2004-12-02 00:00:00
American Institute Taiwan, Taipei
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E.O. 12958: N/A

A) "The Actual Situation Regarding the Timeline for
[Taiwan's] New Constitution and an Evaluation of Its
External Effects"

The centrist, pro-status quo "China Times" observed in
its editorial (12/1):

". We don't know if President Chen's clarification
[regarding his plan to hold a referendum on a new
constitution in 2006] can really eliminate Washington's
worry that Taiwan will have a new constitution in the
next few years. But from [State Department Spokesman]
Richard Boucher's remarks [Monday] . and the previous
statement by a U.S. official that the status quo of the
Taiwan Strait should be defined by the United States,
[it is evident that] the United States cannot be rid of
its doubts about Taiwan's intention to unilaterally
change the status quo just because Chen argues that it
agrees with Taiwan's constitutional procedures to hold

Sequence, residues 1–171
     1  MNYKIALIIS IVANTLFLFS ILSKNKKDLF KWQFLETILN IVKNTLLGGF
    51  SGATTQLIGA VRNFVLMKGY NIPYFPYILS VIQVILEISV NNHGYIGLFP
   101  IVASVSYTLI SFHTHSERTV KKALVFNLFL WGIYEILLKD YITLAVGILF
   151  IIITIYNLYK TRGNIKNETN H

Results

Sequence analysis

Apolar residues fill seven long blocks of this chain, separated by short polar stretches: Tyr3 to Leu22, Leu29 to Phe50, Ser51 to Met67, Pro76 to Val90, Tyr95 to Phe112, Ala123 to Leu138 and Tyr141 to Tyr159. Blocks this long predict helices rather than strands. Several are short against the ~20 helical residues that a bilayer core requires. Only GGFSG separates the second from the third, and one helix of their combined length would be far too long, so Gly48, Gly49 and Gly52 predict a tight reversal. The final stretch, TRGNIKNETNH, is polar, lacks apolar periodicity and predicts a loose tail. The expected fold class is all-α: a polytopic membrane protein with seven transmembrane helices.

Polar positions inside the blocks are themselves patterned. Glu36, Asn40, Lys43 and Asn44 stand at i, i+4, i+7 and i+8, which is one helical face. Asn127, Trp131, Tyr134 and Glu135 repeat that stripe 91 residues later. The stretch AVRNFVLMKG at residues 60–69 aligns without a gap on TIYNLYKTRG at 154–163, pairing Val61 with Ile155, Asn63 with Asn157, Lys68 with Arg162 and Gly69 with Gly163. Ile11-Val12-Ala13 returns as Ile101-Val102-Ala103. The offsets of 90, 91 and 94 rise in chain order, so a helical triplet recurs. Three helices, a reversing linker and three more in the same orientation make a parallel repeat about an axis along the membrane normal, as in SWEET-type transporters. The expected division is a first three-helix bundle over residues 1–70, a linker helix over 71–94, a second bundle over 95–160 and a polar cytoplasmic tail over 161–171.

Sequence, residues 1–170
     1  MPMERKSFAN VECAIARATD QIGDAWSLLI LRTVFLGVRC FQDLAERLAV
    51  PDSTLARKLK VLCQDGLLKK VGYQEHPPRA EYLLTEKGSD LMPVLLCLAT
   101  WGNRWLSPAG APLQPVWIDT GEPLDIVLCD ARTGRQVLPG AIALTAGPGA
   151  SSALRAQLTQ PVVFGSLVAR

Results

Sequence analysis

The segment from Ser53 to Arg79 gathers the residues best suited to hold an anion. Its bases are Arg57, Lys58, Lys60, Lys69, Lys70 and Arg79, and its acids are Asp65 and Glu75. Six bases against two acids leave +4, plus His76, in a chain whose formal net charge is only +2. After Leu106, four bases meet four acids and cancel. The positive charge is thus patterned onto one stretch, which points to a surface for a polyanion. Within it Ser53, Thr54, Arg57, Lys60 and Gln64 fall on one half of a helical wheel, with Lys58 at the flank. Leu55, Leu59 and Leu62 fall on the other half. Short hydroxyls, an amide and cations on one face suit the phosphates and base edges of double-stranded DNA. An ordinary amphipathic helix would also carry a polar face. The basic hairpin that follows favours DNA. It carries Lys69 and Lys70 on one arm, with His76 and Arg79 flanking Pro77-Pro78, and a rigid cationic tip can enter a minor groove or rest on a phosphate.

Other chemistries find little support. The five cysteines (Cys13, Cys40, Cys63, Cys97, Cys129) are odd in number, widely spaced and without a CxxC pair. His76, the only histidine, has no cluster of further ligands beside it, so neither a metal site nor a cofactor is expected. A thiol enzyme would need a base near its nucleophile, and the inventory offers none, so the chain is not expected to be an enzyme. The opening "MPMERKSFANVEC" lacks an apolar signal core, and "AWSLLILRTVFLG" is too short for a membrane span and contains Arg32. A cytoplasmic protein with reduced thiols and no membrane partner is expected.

a referendum on the new constitution. Or to borrow
Chen's words, what the United States cares about is not
the argument about whether it is constitutional to hold
such a referendum but whether the unilateral move by
Taiwan will cause substantive changes to the status quo
in the Taiwan Strait, a development that would give
Beijing an excuse to adopt radical actions to force the
United States to get involved in the unpredictable
disputes across the Taiwan Strait."

"Objectively speaking, Washington's doubts are
reasonable because its intention is try to prevent
anything from happening between the two sides of the
Taiwan Strait. But since the United States is reacting
like this, it is expected that Beijing will react more
strongly in the regular press briefing by China's
Taiwan Affairs Office today. President Chen's remarks,
judged from Beijing's perspective, have actually proved
his consistent position from de jure Taiwan
independence to substantive Taiwan independence.
Especially in the face of such a timetable for ... the
new constitution, Beijing may be forced, in response,
to talk about the timeline for reunification or even
upgrading its military readiness to use force to stop